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Five county workers charged with child neglect

Lackawanna County Courthouse in Scranton
eyecrave productions/Getty Images/iStockphoto
Lackawanna County Courthouse in Scranton

Multiple children in Lackawanna County were not only neglected by their families but also those assigned to protect them, according to details in multiple criminal complaints filed by the Lackawanna County District Attorney's Office.

On Tuesday, District Attorney Mark Powell charged five case workers from the Office of Youth and Family Services (OYFS) with endangering the welfare of children and failure to report or refer cases of suspected child abuse. They are Randy Ramik, 59, of Clarks Green; Bryan Scott Walker, 51, of Eynon; Erik Krauser, 45, of Dickson City; and Sadie O’Day, 34, and Amy Helcoski, 50, both of Scranton.

The children under the caseworkers' care are now between the ages of 2 and 13. They are from three different families involved with the county’s OYFS for more than 10 years. They endured various levels of abuse, according to criminal complaints. Some lived in now-condemned properties in deplorable conditions with multiple pets who were also not cared for.

In the court documents, officers say family, community members and neighbors reached out to officials for help. Yet, the cases persisted. An incident in one criminal complaints says the mother of two children repeatedly told caseworkers: “I need help.” The case workers denied multiple referrals from outside organizations, according to the criminal complaints. Powell alleges they falsified reports.

Officers were issued search warrants for the OYFS to investigate the neglect.

Lackawanna County would not comment on the arrests Tuesday.

However, on Friday, the child protection agency's license was downgraded from full to provisional for a six-month period by the Pennsylvania Department of Human Services, according to an email from the county.

William Browning, the county’s Director of Health & Human Services, responding to the license downgrade, said the department deals with over 9,000 cases annually. They have 40 open staff positions. He said the issue is systemic statewide.

The department will continue its plan of corrections to the best of its abilities, said Browning. They will meet with state personnel until the license is fully restored.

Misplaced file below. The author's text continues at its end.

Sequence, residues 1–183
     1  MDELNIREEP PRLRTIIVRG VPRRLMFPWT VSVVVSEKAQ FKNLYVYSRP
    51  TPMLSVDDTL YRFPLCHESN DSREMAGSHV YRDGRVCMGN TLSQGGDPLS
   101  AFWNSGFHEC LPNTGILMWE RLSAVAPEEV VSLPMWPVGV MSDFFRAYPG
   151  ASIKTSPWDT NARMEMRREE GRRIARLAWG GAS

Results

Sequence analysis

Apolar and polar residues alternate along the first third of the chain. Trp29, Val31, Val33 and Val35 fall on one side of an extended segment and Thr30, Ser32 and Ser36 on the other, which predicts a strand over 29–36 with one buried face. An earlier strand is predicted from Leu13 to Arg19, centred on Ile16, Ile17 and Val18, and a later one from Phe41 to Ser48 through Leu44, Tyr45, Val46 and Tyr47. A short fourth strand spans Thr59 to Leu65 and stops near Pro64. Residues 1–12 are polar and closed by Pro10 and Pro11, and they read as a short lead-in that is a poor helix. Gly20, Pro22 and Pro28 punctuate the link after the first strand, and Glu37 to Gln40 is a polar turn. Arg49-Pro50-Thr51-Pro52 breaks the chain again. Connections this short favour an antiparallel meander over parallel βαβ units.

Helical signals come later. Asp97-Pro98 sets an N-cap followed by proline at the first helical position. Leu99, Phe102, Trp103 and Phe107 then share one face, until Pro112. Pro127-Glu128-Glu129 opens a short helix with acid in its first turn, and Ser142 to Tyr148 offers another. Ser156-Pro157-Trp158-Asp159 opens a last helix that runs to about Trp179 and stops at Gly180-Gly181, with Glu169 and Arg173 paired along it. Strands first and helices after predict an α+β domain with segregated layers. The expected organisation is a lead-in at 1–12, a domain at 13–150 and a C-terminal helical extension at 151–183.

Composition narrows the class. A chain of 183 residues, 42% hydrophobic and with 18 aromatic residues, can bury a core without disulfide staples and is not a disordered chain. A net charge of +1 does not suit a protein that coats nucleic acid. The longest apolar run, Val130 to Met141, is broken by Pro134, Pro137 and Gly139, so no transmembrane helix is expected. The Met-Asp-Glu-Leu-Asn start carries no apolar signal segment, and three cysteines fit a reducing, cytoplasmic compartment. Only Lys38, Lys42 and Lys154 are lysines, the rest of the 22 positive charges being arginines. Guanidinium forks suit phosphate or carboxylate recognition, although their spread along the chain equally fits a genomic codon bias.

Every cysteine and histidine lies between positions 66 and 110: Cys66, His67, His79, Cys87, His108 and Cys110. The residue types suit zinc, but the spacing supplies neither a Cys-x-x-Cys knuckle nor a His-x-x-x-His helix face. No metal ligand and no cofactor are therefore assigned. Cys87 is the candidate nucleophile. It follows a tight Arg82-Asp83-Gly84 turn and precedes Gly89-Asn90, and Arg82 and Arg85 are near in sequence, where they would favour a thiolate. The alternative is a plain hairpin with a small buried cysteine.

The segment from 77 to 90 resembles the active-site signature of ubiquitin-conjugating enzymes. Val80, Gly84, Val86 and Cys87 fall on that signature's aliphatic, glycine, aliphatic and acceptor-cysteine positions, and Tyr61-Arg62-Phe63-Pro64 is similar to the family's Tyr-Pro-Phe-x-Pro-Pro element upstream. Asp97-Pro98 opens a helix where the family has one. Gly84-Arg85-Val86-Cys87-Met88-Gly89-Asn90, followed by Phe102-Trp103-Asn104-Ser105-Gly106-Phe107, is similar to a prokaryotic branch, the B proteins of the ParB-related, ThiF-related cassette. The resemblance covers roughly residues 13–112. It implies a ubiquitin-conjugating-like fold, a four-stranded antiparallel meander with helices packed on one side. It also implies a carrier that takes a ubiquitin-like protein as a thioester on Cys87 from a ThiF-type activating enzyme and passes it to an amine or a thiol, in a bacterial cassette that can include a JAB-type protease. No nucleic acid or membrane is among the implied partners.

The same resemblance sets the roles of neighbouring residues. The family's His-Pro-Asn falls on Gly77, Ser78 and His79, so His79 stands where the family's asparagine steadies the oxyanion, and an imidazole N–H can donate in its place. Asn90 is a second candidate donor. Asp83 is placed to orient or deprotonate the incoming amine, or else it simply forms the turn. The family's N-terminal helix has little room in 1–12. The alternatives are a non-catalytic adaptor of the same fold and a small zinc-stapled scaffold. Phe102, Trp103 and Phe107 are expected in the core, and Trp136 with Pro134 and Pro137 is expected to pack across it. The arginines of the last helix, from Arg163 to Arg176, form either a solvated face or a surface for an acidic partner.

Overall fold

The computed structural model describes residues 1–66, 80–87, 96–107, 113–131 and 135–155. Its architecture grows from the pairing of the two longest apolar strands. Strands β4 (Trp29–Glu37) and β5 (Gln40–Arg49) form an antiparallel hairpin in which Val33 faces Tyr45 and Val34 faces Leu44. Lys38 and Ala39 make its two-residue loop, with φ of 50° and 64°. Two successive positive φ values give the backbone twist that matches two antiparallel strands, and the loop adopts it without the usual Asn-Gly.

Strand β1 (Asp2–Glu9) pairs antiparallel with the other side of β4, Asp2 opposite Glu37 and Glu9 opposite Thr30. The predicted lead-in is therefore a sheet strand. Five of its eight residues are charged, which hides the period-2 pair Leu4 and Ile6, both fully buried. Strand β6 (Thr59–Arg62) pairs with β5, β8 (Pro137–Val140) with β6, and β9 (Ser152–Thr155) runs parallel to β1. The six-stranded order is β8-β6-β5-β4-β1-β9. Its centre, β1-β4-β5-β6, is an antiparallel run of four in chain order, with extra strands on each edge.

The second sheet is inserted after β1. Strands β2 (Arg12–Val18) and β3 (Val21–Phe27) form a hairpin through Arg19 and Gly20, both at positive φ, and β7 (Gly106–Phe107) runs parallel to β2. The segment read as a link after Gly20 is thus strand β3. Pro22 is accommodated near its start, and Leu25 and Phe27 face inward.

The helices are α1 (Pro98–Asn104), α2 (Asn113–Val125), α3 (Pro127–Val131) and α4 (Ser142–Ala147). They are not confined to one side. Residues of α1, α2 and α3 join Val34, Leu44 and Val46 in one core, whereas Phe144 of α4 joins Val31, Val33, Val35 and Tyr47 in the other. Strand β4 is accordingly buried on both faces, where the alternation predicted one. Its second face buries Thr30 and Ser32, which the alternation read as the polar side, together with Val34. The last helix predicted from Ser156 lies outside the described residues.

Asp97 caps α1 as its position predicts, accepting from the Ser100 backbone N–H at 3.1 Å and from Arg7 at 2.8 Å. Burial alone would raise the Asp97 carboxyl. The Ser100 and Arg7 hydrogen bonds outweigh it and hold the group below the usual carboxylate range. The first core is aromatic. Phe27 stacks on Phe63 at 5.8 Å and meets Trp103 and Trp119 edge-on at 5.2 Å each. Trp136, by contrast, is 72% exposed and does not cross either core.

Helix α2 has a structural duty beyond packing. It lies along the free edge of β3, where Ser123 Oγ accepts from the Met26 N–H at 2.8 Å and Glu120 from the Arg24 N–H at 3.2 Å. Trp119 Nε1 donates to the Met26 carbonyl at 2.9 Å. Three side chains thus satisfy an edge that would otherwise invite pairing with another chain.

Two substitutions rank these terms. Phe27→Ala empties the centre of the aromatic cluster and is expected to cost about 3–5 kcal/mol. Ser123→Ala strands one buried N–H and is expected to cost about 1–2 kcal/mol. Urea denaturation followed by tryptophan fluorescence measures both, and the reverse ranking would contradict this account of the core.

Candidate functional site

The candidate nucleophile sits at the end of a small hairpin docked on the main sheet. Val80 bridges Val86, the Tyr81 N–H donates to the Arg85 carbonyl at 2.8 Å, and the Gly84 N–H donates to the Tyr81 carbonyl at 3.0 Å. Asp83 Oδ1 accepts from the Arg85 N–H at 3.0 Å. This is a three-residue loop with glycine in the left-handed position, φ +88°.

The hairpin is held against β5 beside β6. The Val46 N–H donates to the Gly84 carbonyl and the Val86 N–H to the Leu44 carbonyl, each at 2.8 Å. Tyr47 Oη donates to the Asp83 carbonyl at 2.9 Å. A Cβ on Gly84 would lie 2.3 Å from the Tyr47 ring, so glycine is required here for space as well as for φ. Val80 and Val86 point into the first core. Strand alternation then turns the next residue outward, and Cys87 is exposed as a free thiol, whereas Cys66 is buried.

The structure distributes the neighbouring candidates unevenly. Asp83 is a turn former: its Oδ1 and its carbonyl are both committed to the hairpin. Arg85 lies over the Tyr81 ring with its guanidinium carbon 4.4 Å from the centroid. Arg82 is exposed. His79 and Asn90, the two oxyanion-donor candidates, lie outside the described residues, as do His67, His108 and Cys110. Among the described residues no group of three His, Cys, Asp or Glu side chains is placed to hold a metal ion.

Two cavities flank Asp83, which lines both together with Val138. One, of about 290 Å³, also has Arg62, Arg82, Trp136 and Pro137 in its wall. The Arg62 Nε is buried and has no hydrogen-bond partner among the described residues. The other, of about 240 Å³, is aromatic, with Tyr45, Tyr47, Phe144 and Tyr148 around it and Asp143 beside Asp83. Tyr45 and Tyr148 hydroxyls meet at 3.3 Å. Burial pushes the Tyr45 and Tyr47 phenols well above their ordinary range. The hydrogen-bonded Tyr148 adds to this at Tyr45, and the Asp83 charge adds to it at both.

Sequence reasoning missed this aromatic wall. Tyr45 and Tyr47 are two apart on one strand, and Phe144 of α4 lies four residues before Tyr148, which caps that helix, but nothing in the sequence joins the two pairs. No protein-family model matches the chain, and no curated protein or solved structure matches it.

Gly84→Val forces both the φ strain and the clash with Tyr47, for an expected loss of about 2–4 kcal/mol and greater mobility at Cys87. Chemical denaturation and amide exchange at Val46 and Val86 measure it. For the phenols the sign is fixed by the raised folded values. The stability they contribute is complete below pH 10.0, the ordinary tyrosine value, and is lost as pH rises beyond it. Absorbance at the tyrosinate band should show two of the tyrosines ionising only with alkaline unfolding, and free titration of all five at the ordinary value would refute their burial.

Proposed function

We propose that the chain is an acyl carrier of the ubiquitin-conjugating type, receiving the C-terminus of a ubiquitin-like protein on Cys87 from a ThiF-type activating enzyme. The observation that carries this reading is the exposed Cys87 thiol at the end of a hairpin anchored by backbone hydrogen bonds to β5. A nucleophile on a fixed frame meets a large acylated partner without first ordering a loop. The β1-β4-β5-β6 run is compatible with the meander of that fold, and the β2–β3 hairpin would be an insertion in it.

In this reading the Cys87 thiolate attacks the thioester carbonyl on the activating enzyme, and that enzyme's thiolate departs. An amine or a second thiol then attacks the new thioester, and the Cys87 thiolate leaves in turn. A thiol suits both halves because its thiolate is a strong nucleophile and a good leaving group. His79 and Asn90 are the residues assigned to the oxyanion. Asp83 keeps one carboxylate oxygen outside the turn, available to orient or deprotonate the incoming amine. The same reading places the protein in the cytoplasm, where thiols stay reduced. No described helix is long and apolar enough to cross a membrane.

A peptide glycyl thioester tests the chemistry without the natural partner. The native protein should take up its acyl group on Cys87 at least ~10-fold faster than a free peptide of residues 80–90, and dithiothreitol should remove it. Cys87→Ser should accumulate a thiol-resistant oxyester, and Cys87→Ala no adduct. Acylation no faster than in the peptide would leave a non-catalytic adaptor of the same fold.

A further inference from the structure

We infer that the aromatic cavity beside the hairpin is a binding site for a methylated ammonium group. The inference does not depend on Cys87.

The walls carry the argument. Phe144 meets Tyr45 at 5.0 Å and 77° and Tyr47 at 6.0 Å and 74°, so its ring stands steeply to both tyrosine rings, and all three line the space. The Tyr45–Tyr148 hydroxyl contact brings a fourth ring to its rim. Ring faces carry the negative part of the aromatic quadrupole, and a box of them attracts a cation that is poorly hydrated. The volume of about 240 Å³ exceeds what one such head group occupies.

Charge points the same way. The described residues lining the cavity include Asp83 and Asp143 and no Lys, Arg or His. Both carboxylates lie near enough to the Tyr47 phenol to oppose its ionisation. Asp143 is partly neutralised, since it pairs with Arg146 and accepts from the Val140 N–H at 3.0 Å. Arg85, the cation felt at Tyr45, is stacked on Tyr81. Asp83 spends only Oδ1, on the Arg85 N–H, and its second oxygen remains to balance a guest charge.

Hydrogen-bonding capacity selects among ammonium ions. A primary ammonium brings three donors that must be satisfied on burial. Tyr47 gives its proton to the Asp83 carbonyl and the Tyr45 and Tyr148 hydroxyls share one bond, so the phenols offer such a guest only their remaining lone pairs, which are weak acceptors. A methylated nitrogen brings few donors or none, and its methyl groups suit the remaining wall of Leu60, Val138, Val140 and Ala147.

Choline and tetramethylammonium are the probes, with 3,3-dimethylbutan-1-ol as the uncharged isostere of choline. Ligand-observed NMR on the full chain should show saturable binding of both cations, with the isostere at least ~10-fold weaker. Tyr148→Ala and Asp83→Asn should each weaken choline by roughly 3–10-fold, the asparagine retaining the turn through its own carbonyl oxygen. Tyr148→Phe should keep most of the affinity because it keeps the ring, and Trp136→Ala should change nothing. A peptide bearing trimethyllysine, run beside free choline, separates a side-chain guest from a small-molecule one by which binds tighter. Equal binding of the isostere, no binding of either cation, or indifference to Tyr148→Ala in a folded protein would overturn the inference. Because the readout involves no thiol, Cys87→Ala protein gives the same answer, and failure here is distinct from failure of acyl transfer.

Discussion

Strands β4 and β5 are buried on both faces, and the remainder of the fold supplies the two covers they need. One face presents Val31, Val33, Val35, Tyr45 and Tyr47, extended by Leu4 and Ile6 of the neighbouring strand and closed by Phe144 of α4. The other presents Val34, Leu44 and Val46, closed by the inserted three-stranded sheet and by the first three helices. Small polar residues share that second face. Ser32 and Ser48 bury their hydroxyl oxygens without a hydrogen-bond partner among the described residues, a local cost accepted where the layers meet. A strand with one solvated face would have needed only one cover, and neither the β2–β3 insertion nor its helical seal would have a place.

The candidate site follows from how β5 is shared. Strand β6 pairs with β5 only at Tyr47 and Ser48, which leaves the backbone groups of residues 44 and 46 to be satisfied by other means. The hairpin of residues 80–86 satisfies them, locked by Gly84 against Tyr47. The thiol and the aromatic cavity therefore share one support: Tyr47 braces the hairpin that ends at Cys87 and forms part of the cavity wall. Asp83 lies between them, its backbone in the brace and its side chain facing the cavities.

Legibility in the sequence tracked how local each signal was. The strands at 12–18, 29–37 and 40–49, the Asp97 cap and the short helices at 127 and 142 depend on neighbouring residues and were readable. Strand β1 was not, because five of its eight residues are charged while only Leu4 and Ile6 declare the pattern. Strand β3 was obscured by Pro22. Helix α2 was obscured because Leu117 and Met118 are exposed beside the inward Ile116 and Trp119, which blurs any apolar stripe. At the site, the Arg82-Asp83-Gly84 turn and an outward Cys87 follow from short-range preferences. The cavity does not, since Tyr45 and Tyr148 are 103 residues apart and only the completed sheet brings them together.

Powell’s office has been investigating the agency for the past year. The D.A. said the children in these cases didn’t fall through the cracks because the OYFS was understaffed. The cases were on the agency’s radar for a long time and the caseworkers responded many times, Powell said.

In one case involving Ramik, Walker and Krauser, multiple reports were issued between 2015 and 2016 that the children’s needs were not being met. Their mother was charged twice with endangering the welfare of children.

However, referrals continued to be invalidated by OYFS, according to police documents.

The children's mother died in their home in October 2022. When police arrived, they reported the an "overwhelming, strong, horrific odor." There were no clean items to meet basic needs like clothing, blankets or bedding. The three children were filthy. The Refrigerator and stove had spoiled, rotten food.

Scranton Police notified the OYFS about the situation and learned that the family already had a case open with the agency.

The investigation into the Office of Youth and Family Services is ongoing. Anyone with information should contact the Lackawanna County District Attorney's Office at 570-963-6717 or Scranton Police at 570-348-4130.

If you or someone you know suspects child abuse or neglect, contact the ChildLine at 1-800-932-0313. Caseworkers are available 24 hours a day, seven days a week.

Kat Bolus is the community reporter for the newly-formed WVIA News Team. She is a former reporter and columnist at The Times-Tribune, a Scrantonian and cat mom.